Make private equity a partner to give your business its best footing

2nd Apr 13

Katherine Woodthorpe

Small businesses face many challenges, not least of which is having the finance to achieve their potential and realise their founders' vision.

The banks are not renowned for their enthusiasm for small, relatively high-risk businesses. The founders' capital (and ability to mortgage their home) has its limits, so where do they turn? Well, for many small businesses with strong growth potential, the answer may well be to turn to private equity funds.

PE fund managers in Australia regularly invest in high-growth-potential smaller businesses. Indeed, despite the media's obsession with the big brand name PE deals, in Australia more than half of PE investments are into small and medium enterprises valued at under $50 million. A subset of these are owners wanting to expand their companies without giving up all their equity. PE investment can allow businesses to expand more rapidly than their working capital would otherwise allow and to take advantages of opportunities such as acquisitions to enable growth.

Growth or "expansion" PE funds make up more than 60 per cent of the local PE industry and represent a valuable source of capital for SMEs looking to further expand. As well as enabling this growth, PE managers bring many other benefits to the partnership with entrepreneurs. In this growth segment, the founders usually retain a substantial and sometimes majority shareholding. The PE investors bring expertise, networks and transaction experience to strengthen the company. They are there to help grow the company. If agreed progress is made, then additional tranches of finance to enable the ongoing growth will be made available. And with a sizeable portfolio of investee companies, when additional finance is needed, they have the clout to negotiate better deals with the banks. PE managers make money for their investors (generally super funds and other pension funds) by increasing the underlying value in their investments. Again, contrary to the myths about PE, you don't make money by slashing and burning an investee company. You make it by increasing the underlying value so that an acquirer will see real value in the company. During the three years to June 2011, even in the immediate aftermath of the global financial crisis, PE exits as a whole generated $5.7 billion in proceeds for their investors from the original $3.7bn invested. In the same period, the S&P/ASX 300 Accumulation Index showed an annualised return of just 0.26 per cent. The areas in which the PE fund is involved in assisting management fall into three broad categories: strategic thinking, financial aspects and operational management. They bring an experienced board of directors who can help with setting, critiquing and monitoring strategy as well as the relationships needed to achieve the company's goals. They bring financial expertise, structure and capital. And they bring operational expertise, access to additional executives, public company standards of reporting and good governance practices to give a company the best foundation to execute its strategy.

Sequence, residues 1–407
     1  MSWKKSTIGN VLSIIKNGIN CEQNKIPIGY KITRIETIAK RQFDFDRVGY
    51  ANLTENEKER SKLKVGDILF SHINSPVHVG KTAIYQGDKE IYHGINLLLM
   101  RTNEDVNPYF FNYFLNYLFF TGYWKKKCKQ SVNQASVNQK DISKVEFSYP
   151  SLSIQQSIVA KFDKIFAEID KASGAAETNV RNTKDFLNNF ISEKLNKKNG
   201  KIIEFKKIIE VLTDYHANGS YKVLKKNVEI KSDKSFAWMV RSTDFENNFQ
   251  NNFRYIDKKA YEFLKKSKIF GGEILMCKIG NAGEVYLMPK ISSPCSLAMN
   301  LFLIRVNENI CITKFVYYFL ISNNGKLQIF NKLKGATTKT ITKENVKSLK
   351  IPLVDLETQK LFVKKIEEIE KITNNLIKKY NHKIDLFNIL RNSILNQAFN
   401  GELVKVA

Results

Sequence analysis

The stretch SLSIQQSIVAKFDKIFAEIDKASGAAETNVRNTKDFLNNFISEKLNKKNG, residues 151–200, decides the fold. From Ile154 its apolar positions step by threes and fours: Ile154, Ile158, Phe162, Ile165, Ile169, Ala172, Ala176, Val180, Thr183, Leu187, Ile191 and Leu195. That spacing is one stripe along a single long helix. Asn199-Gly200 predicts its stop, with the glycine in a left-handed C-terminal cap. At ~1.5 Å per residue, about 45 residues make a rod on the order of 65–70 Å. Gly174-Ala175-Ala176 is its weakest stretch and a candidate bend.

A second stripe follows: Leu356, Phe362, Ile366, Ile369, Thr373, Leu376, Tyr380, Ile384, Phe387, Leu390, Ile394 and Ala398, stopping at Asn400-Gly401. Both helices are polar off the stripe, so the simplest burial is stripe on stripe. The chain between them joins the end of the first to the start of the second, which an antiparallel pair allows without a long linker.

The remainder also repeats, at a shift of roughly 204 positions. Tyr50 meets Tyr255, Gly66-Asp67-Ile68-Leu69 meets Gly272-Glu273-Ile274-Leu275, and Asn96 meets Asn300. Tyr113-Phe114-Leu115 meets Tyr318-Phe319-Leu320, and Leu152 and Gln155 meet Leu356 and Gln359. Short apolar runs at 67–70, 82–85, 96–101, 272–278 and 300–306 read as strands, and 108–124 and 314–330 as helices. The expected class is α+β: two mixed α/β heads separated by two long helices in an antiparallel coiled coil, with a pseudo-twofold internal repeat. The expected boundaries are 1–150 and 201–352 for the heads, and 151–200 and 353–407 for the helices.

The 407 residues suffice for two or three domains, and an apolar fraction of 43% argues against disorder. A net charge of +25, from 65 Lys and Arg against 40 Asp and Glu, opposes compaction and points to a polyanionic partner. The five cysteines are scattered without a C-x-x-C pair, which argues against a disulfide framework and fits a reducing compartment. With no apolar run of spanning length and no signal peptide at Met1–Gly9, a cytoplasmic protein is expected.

One of the most powerful roles the fund manager fills, from what chief executives in PE portfolio have said, is a sounding board for someone whose interests are aligned with management's but who isn't working in the business directly. Many CEOs relate stories of speaking at least weekly or more often with their PE colleagues to sound them out about ideas and generally feel less alone at the helm. So PE investment can be a boon to rapidly growing SMEs to help the founders realise their vision.

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